Confusion over USA's new entry rules for travellers

Australians travelling to the US next week could be blocked from boarding their flights should they fail to comply with little-publicised new entry requirements.

The new rules are part of the US Government's attempts to strengthen border security after the attacks of September 11, 2001, but there appears to be confusion in Australia about who will enforce them.

Australians flying to the US can now get a visa waiver allowing them to stay for up to 90 days, but from next Monday passengers must first apply online for electronic travel authorisation.

Those who don't get the Electronic System for Travel Authorisation (ESTA) won't be allowed to board their flight, the US Department of Homeland Security website says.

But it was not clear who would stop unauthorised Australians from boarding.

"They should be checking them at the airport prior to travel," said Brad Niemann, vice-consul at the US consulate in Sydney.

"From what I understand they are in a position to [access information about who has been successfully authorised]."

An Australian Customs Service spokeswoman said customs officers would not be checking passengers had completed the authorisation process. This would be done by the airlines, she said.

But Qantas said the latest information it had was that airlines were not responsible for the checks.


"US authorities advised the International Air Transport Association (IATA) last year that during the initial implementation of ESTA from January 12, airlines would not be required to confirm a passenger had obtained the travel authorisation," a Qantas spokeswoman said.

However Qantas was upgrading its check-in systems to meet any future US requirements, she said.

Qantas check-in staff would also give passengers travelling to US information about ESTA that had been provided by the US government, she said.

More than 40,000 Australians travelled to the US each month, according to the Australian Bureau of Statistics.

If the authorisation rules are successfully enforced at Australian airports, there could be ugly scenes amid fears few travellers know about the new requirements.

Airlines have expressed a fear of airport chaos when the authorisation becomes mandatory on January 12 (it has been operating on a voluntary basis since August last year).

"Unless the message gets out really quickly, there's a growing concern that people will turn up for their holiday ... and won't be able to get on the plane," an airline spokesman, who asks not to be named, told The Sun-Herald last October.

"The airline staff won't be able to fix it."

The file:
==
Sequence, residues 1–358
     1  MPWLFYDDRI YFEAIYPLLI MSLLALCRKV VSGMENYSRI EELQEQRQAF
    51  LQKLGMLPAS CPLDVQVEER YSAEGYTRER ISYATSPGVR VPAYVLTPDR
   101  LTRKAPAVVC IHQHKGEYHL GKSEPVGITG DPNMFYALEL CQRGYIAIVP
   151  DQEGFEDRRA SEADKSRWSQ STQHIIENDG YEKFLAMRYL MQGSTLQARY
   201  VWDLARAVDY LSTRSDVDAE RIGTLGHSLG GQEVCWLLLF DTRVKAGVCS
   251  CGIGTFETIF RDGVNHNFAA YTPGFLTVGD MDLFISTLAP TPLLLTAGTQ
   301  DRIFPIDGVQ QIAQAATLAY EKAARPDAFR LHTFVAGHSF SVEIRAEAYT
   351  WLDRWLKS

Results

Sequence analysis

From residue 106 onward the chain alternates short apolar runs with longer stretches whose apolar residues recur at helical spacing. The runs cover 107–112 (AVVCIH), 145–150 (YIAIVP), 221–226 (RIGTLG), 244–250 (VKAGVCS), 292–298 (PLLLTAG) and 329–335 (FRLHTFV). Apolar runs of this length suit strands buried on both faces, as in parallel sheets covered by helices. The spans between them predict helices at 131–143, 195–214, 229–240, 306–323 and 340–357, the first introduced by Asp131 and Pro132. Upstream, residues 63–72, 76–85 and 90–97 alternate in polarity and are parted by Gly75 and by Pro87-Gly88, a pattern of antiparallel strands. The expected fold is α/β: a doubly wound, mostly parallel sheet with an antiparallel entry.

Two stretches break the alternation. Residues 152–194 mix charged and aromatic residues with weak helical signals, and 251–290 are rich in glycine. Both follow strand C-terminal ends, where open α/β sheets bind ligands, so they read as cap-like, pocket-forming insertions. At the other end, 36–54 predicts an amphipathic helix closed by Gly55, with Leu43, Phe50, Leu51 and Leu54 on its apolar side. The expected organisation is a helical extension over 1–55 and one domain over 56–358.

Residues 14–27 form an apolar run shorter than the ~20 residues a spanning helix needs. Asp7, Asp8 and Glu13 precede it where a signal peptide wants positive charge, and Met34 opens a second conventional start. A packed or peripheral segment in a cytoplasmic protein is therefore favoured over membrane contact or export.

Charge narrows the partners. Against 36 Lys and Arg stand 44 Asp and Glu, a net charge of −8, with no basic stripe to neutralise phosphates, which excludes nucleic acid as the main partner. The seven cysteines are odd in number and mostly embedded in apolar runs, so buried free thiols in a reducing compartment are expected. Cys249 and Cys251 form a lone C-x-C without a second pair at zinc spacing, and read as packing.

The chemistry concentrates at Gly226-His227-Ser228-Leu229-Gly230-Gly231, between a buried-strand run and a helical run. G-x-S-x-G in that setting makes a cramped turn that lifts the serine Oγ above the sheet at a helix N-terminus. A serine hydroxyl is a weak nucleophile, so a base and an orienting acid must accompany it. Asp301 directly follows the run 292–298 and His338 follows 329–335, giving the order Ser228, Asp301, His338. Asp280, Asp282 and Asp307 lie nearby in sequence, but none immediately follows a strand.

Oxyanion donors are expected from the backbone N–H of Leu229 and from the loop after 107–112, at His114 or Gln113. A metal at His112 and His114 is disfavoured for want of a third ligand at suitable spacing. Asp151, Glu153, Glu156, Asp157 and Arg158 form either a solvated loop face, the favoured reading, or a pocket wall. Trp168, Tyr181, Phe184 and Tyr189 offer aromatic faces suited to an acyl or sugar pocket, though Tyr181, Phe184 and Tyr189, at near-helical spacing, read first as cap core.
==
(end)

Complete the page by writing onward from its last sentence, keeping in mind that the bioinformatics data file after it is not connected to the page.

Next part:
But Mr Niemann said the authorisation process was simple and instantaneous, and could even be done at the airport should a traveller turn up for a flight without having completed the online process.

"Anyone can fill it out for you. As long as you can call someone who can access the internet, or even if you get on a computer at the airport [you'll be fine]," he said.

"From what I've seen 99 per cent of people get immediate approval ... you could even do it with a BlackBerry."

About 300,000 were approved through the online process by November last year with less than 0.5 per cent of applications refused, US officials say.

Mr Niemann said the online authorisation asked for only basic information - for example passport details, where a passenger will stay in the US, if they are involved in terrorism or genocide - and was similar to the I-94 form travellers filled out on arrival in the US.

He was also hopeful most travellers were aware of the new rules.

"It's been up and running, but not mandatory, for about five or six months now and we've been [communicating] with the travel community so are hopeful the message has gone out to travel agents that their customers need to do this."

The Australian Government's travel advice website, Smartraveller, outlines the new entry requirements for travellers.

The Government's advice has also been distributed to travel agents via the Australian Federation of Travel Agents, whose website has fact sheets about the new rules for its members.

Major airlines including Singapore Airlines and Qantas also have information about the scheme on their respective websites.

Travellers are recommended to apply online at least 72 hours before departure.

Approved applications are valid for up to two years, or until the travellers passport expires, and are valid for multiple entries into the US.

* To apply for the Electronic System for Travel Authorisation go to

* More information contact the US embassy, Canberra, on (02) 6214 5600, or see

- with AP